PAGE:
(b) By any transaction which would bind the partnership if dissolution had not taken place, provided the other party to the transaction:

(1) Had extended credit to the partnership prior to dissolution and had no knowledge or notice of the dissolution; or
(2) Though he had not so extended credit, had nevertheless known of the partnership prior to dissolution and, having no knowledge or notice of dissolution, the fact of dissolution had not been advertised in a newspaper of general circulation in the place (or in each place if more than one) at which the partnership business was regularly carried on.

2.  The liability of a partner under paragraph (b) of subsection 1 shall be satisfied out of partnership assets alone when such partner had been prior to dissolution:

(a) Unknown as a partner to the person with whom the contract is made; and
(b) So far unknown and inactive in partnership affairs that the business reputation of the partnership could not be said to have been in any degree due to his connection with it.

3.  The partnership is in no case bound by any act of a partner after dissolution:

(a) Where the partnership is dissolved because it is unlawful to carry on the business, unless the act is appropriate for winding up partnership affairs;
(b) Where the partner has become bankrupt; or
(c) Where the partner has no authority to wind up partnership affairs, except by a transaction with one who:

(1) Had extended credit to the partnership prior to dissolution and had no knowledge or notice of his want of authority; or
(2) Had not extended credit to the partnership prior to dissolution, and, having no knowledge or notice of his want of authority, the fact of his want of authority has not been advertised in the manner provided for advertising the fact of dissolution in subparagraph (2) of paragraph (b) of subsection 1.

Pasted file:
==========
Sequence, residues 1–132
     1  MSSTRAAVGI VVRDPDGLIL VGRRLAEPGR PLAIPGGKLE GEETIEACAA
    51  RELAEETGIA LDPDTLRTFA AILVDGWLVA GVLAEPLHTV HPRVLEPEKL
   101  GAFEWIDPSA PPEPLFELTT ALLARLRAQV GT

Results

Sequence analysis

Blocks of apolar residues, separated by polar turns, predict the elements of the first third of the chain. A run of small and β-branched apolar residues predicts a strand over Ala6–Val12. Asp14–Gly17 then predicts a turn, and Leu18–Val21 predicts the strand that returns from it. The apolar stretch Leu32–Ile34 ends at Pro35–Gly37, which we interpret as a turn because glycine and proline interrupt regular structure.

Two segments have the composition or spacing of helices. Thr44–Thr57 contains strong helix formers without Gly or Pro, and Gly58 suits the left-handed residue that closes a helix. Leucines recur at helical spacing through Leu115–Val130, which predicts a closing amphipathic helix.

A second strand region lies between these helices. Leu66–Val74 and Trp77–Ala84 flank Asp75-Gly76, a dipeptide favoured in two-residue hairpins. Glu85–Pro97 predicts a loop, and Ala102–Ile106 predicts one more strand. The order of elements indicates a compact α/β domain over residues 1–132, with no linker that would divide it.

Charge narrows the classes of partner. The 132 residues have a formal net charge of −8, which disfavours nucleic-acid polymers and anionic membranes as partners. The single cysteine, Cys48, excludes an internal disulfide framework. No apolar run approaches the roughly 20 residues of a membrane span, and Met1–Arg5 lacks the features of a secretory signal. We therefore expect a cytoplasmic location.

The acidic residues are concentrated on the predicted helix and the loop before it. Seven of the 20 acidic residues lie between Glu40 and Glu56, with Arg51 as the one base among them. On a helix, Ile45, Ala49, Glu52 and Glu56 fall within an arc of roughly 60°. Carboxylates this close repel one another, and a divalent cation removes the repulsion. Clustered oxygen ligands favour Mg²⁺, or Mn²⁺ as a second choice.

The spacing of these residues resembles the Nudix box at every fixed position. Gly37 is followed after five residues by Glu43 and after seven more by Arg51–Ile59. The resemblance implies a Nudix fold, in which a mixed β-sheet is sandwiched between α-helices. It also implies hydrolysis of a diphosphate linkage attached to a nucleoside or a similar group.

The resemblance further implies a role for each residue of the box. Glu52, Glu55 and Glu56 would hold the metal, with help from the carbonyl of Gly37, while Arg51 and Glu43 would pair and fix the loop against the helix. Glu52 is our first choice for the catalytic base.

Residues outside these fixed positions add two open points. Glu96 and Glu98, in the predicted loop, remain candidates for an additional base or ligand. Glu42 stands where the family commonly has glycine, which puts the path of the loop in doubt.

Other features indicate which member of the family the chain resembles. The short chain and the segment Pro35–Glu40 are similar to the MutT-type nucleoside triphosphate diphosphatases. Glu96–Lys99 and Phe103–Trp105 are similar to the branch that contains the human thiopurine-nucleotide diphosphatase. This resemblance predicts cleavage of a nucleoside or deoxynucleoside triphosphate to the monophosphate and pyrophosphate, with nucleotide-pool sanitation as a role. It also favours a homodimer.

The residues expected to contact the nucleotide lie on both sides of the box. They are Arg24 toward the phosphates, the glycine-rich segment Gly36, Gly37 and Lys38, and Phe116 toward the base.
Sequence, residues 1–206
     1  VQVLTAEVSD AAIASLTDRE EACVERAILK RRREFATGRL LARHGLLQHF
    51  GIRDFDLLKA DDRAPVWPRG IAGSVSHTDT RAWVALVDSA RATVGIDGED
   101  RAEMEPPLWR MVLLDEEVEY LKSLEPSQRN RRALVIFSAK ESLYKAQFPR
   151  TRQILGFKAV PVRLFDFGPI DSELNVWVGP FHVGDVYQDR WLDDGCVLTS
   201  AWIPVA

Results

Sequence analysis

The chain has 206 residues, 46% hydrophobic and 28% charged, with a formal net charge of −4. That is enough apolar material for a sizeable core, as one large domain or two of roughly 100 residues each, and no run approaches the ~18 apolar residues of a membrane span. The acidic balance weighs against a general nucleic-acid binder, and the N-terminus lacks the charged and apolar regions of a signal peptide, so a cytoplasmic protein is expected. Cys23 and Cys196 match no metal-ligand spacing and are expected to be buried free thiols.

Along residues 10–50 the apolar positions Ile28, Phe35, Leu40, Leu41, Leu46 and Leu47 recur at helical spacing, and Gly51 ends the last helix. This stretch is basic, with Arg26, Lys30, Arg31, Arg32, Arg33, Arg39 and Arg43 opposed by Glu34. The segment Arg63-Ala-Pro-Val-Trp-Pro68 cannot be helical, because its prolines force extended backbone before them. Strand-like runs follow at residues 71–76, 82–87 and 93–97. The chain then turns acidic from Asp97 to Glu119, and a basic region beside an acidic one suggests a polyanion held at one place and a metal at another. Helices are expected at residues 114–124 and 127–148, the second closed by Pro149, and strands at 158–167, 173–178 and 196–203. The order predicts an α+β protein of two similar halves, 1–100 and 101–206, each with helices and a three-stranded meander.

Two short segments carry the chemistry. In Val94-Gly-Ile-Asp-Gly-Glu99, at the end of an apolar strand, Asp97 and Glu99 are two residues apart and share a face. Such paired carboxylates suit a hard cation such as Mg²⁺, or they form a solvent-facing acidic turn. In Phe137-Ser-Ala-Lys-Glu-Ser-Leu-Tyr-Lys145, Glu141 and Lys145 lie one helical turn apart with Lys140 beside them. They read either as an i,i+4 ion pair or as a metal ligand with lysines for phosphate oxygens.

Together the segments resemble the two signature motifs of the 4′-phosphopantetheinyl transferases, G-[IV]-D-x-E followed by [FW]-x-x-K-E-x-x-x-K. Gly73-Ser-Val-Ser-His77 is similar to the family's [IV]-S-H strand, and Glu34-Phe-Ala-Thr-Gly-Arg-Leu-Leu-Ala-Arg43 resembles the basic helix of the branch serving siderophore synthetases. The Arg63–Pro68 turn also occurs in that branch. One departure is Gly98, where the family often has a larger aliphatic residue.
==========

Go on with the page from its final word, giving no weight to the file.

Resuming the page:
4.  Nothing in this section shall affect the liability under NRS 87.160 of any person who after dissolution represents himself or consents to another representing him as a partner in a partnership engaged in carrying on business.  [35:74:1931; 1931 NCL 5028.34]

NEVADA CASES.

Former partner not liable to firm rendering services to partnership after firm received actual notice of his withdrawal. In action by accounting firm against individual members of former partnership to recover for services rendered to partnership, former partner who had withdrawn from partnership was not liable for services thereafter rendered to remaining partners when accounting firm had actual notice of his withdrawal, even though notice of dissolution was not published as provided by NRS 87.350. De Met v. Zeman, 87 Nev. 294, 486 P.2d 487 (1971)

FEDERAL AND OTHER CASES.

Limited partner bound after dissolution by extension of time for assessment of wagering tax executed by general partner. Under NRS 87.350, which empowers partner to bind partnership after dissolution by any act appropriate to winding up its affairs, limited partner was bound by extension, executed by general partner after dissolution, of time for assessment of wagering tax by Internal Revenue Service. Adelman v. United States, 304 F. Supp. 599 (C.D. Cal. 1969)

NRS 87.360  Effect of dissolution on partner's existing liability.

1.  The dissolution of the partnership does not of itself discharge the existing liability of any partner.
2.  A partner is discharged from any existing liability upon dissolution of the partnership by an agreement to that effect between himself, the partnership creditor and the person or partnership continuing the business. Such an agreement may be inferred from the course of dealing between the creditor having knowledge of the dissolution and the person or partnership continuing the business.
3.  Where a person agrees to assume the existing obligations of a dissolved partnership, the partners whose obligations have been assumed are discharged from any liability to any creditor of the partnership who, knowing of the agreement, consents to a material alteration in the nature or time of payment of such obligations.
4.  The individual property of a deceased partner is liable for all obligations of the partnership incurred while he was a partner and for which he was liable under NRS 87.150, but is subject to the prior payment of his separate debts.  [36:74:1931; 1931 NCL 5028.35](NRS A 1995, 1472)